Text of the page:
ator* and then. well, maybe ttie 
Bears? 




"Ho that's what they call them 
Porkers!" This large member of 
the Safety Department add<^ Astro- 
Ventllatlon to hi<i football uniform. 
He was later ticketed for indecent 
expoeure. 



' 



October 26, 1970 



THE HARBINGER 



Pag* 9 



wlbfff did f§9 sfff? 

Will somebody ptease turn it 
on? 

The sounds of music you hear 
drifting through the Student Cen- 
ter are not entirely in your mind. 

Probably. It's the speaker sys- 
tem. 

Mr. Borelll says that there have 
been quite a few complaints over 
the sound system, many concerninR 
the type of music being played. 

That, as Mr. Borelll pointed 
out. has no solution. The Student 
Senate la in charge of stat'onselec- 

tlona. p trchasing records, and 
making tapca. They try to get as 
much variety as poaalble. 

Other complalnta are lesa an»- 
blguously taken care of. Mr. Bor- 
elll explairted thai the speaker 
syalein is a very simple. Inexpen- 
alvc one and was Intended for back- 
ground music and oc^aalonal an- 
nourteements. 

JTbc problems of volume are not 
easlTy conquered on this system. 
There Isn't individual speaker con- 
trol so a reasonabfe volume In 
one area blasts out another. 

The acoustica-especlaUy In the 
multi-purpoae area-are not Ideal. 
The high celling, conatant trafBc, 
and number of peopte in that area 
tend to deaden the sounds of the 
speaker. 

Several more speakers are going 
to be Inalalled In the muW-purpoae 
area and that akould increase 
volume there. 

Another aspect of the problem 
to that the controls of the system 
are In Mrs JacquI Landry* office 
ti«e Information booth 

Mr. BoreUi said that It may be 
poaaibfe to move the controls near- 
er to the student government offices. 
It would be more acceaaibte and 
more people would beavailabte lo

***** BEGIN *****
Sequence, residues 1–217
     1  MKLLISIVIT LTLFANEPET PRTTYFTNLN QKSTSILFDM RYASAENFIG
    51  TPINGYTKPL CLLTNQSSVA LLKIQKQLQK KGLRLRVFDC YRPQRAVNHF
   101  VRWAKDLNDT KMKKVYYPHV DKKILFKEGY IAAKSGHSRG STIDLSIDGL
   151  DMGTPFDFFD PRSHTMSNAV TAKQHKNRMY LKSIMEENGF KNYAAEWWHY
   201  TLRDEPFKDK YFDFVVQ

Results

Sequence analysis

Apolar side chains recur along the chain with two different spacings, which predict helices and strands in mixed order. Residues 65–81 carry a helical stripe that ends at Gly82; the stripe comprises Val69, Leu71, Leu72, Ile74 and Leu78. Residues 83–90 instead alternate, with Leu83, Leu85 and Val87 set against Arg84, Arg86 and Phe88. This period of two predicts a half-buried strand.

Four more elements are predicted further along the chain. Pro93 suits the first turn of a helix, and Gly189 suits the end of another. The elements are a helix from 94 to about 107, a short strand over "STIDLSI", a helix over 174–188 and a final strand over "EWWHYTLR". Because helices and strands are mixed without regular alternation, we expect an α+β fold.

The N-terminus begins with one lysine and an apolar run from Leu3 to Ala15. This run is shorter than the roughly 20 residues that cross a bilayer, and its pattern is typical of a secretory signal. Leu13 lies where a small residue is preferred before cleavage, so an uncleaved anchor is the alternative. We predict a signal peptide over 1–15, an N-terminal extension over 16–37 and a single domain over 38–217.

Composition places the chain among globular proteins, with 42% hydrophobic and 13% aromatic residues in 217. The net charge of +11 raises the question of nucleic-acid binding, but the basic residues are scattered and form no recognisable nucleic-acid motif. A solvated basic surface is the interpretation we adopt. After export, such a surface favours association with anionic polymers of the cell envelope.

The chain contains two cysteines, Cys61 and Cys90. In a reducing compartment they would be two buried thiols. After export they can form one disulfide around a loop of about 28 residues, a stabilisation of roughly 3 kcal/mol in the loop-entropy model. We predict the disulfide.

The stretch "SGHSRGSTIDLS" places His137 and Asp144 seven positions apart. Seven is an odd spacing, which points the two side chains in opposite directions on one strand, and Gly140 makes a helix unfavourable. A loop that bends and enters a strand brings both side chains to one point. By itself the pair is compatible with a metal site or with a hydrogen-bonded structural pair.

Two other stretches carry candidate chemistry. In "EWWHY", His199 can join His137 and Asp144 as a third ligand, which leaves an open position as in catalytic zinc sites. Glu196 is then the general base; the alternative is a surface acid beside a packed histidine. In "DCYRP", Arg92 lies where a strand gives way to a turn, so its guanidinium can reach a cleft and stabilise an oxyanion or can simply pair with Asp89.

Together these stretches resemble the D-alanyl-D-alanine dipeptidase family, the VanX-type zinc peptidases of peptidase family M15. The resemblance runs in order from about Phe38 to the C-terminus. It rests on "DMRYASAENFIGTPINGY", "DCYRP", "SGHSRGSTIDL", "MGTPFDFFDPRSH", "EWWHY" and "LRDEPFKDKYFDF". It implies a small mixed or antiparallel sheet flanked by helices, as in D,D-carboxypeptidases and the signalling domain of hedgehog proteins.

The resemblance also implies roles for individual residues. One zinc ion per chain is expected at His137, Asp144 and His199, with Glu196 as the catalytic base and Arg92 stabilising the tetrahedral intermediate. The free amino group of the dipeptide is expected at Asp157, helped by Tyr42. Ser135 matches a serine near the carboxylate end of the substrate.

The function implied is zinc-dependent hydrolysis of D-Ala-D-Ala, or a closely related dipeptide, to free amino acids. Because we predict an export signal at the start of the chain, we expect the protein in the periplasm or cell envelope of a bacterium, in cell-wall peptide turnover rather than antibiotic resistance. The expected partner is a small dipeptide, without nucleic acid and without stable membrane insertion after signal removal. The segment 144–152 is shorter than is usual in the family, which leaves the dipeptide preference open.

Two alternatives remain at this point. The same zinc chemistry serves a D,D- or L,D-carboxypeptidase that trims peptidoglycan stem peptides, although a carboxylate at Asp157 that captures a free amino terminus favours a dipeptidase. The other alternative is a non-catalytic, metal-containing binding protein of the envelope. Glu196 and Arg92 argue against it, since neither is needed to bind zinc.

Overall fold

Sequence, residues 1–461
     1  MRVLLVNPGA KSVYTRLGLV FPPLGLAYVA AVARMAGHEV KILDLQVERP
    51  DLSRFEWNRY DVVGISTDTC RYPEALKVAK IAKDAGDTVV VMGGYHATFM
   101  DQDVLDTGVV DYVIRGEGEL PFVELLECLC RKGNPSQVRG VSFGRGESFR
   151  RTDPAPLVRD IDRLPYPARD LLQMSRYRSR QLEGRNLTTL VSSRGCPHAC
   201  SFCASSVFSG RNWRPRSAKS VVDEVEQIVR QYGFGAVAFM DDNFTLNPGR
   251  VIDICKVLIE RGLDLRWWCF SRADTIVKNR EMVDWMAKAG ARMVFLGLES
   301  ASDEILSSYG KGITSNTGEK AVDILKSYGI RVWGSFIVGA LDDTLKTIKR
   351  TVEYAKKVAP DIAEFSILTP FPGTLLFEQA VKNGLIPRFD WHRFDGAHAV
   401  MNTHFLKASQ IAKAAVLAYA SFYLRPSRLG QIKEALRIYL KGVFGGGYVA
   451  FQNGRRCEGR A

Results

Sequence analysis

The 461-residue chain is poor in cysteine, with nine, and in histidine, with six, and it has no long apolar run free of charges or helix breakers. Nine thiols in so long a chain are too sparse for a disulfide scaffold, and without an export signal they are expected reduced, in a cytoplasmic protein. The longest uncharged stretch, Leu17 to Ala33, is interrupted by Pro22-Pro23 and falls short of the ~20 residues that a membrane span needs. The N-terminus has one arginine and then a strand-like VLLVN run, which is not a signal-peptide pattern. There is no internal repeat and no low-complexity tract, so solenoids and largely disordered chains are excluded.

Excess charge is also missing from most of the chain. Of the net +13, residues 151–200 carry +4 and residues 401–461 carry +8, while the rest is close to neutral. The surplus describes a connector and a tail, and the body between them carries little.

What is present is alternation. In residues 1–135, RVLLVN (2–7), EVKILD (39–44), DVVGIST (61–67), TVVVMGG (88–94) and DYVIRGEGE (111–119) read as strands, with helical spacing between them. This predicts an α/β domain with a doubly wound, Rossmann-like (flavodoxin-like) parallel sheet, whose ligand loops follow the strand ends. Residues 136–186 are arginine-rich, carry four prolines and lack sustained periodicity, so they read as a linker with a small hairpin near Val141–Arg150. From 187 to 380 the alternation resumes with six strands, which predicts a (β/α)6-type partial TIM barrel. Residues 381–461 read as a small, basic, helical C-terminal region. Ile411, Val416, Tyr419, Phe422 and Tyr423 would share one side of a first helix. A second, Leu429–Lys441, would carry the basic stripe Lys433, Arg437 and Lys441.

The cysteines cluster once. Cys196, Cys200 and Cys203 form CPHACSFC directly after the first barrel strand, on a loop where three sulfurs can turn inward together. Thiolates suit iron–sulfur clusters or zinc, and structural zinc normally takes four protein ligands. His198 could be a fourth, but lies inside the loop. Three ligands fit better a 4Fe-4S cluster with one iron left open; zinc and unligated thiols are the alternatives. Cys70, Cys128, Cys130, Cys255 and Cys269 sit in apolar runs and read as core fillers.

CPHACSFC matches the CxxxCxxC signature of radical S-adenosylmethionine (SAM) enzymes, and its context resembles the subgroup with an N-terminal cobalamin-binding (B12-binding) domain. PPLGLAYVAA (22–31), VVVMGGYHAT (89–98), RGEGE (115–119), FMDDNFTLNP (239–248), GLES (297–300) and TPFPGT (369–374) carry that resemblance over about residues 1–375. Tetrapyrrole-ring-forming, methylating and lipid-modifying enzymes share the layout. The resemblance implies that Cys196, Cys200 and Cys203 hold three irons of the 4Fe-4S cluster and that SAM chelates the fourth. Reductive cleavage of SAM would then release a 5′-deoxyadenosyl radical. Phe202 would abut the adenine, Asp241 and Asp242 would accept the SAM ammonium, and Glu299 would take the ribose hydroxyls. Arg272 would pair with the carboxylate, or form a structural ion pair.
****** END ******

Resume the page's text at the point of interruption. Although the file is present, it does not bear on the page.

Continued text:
take care of the controla on an 
hourly baste. ^ 



A rgpresgnkitive of Mid- 
land Lutheran Coll*g« will 
b« on campus Monday, No- 
vember 9, at 12:30 p.m. 
Midland Lutheran College 
i> located in Fremont, Ne- 
braska. The representative 
will try to familiarize you 
with all aspects of the col- 



lege, ortd will gladly orv 
swer any questions that you 
might hove. 

If you ore interested in 
meeting with the represeiv 
tative while he is here, 
please contcKt Susan Byrd 
in the counseling center 
A347. 



innovations: 
the mail box 



HOT R/VTS! Now you can mail 
your postcard*, poison pen letter*, 
and N'atentiite* (»hop early this 
N-ear) all from the friendly con- 
fines of the Harper liookstore 

Step right up lo the pleasant 
cashieff and purchase a stamp 
or three. They come In six psy- 
chodelic color* and several delici- 
ous flavors. I'nfortunately. tutti 
fruiti has been discontinued 

Ilten, ask for direction* lo the 



recepticte. A shori Journey arill 
bring yoa to a sctentlflcally de- 
sigited. aerodynamlcally stable 
and brightly painted MAIL BOX 
(not recognised as such by the 
r.S.. C.S.S.R.or Chile. ) 

Kveryday. come rain, sleet, or (lie 
Desperado. sarlA courters arill col- 
lect the mail at 10:00 a.m and 
2:00 pm. Once again inthe annals 
of hislory. let It be written . . .THE 
PKOPLK AKKSKRVKD 




Pleated plaid lowdown 

y Vaughn motes plain with plaid. 

'J ,collors and cuffs it in bright white. 

'' ■ ties everything together 

with tfte right pattern 

scarf! See this and 

otf>er greot gorb 

at Beverly's in 

Town Square. 



own Square Shop* 

on Roaeite Hd. ju«. 

ulh of Scfcaambarg Id. 

in Srhaumburg .^TIMMN 



SHOP MON^ 
THUmS^ FRI. 
EVENINGS 
UNTIL 9 



Sew and express yourself 
with our UNCOMMON FABRIC 



A complete selection of patterna, notions 
sewtnR arressories and UNCOMMON FABRIC 

rATTERNS br VagM. MeCaU'a. Batlerlck. Stegltetty. 
IIVCOMMON FABRICS lacladlaf dealgaer dreaa Waal- 
er A eoaUngs. fake fars. polyeatae. waal daabic kalla. 
Jeraeya. banded aerylica. braeades. velaiua. valeat. tral- 
veteeas. cardarays, eiajrl aad erepe ta aseirtlaa a t*w. 

TRIMS . . . braid, frtafed. awtalllc. pisia and faaay! 

coMri.rrE sewing accbssories ... by 

Driit inclndiac s t ta n fi. pru ala g haaM. UUartag 
and cnltlnc baa r < a . acam raOs. /aMtac sleeve 
bMrds presalag aiHU. tailae l aikiiai 

BCTTO.NS and baekles fraas LaMade 

LININGS Incladlng Stbonae. tafleta. skeathllninga. crepe. 

aatina. aanback coat lining. 

INTERFACIN'CN Incladiag kair caavaa. woven Super 

Siri. non-wown IVIIon. i»o\rn inlrrfarings. 



SPfciCIAL STUDENT DISCOUNT. 



10% OFF 



(eacept on aale i te a i s) 

OHt ends November 2 



SUNDAY 
»«. Titaa.. Sal. »f XO 
TlMirt.. f n. 12-t 
CLOSf O WfEONESOAV 
Phone llt-«4St 



L1CKERMA> FABRICS 



DIV. G. FISHMAN'S SONS| 

141 W. Hli^aa Rd.. Brkwiarg. 
la tka Oolf-HMas ■kugpkM Canlav 



fSD 



Opm* l^tnifm U"« • 30p.«n ^"*»f ^» «*'»^'" 




c 



■ ■> 



•> 



V 



^rj^ 



>, • 



X; fv. 



Po9« 10 



THE HARBINGER 



OctotMr 26. 1970 



Vv 



There's a Zodiac Check Book 
in your future at the... 



Sck(iun^ 



and it s 




to full time 
college students: 

♦NO MINIMUM BALANCE